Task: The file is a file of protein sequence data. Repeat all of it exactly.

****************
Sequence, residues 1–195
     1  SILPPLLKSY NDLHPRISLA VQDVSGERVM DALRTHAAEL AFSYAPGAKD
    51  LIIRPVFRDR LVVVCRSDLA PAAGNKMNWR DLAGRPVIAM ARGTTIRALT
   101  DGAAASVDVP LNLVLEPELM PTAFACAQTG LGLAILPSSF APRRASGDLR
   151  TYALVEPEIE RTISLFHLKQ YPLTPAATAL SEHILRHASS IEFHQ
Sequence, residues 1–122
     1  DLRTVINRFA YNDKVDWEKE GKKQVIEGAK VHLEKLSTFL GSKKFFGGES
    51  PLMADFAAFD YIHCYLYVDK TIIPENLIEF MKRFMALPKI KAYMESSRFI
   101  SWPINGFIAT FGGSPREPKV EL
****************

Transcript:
Sequence, residues 1–195
     1  SILPPLLKSY NDLHPRISLA VQDVSGERVM DALRTHAAEL AFSYAPGAKD
    51  LIIRPVFRDR LVVVCRSDLA PAAGNKMNWR DLAGRPVIAM ARGTTIRALT
   101  DGAAASVDVP LNLVLEPELM PTAFACAQTG LGLAILPSSF APRRASGDLR
   151  TYALVEPEIE RTISLFHLKQ YPLTPAATAL SEHILRHASS IEFHQ
Sequence, residues 1–122
     1  DLRTVINRFA YNDKVDWEKE GKKQVIEGAK VHLEKLSTFL GSKKFFGGES
    51  PLMADFAAFD YIHCYLYVDK TIIPENLIEF MKRFMALPKI KAYMESSRFI
   101  SWPINGFIAT FGGSPREPKV EL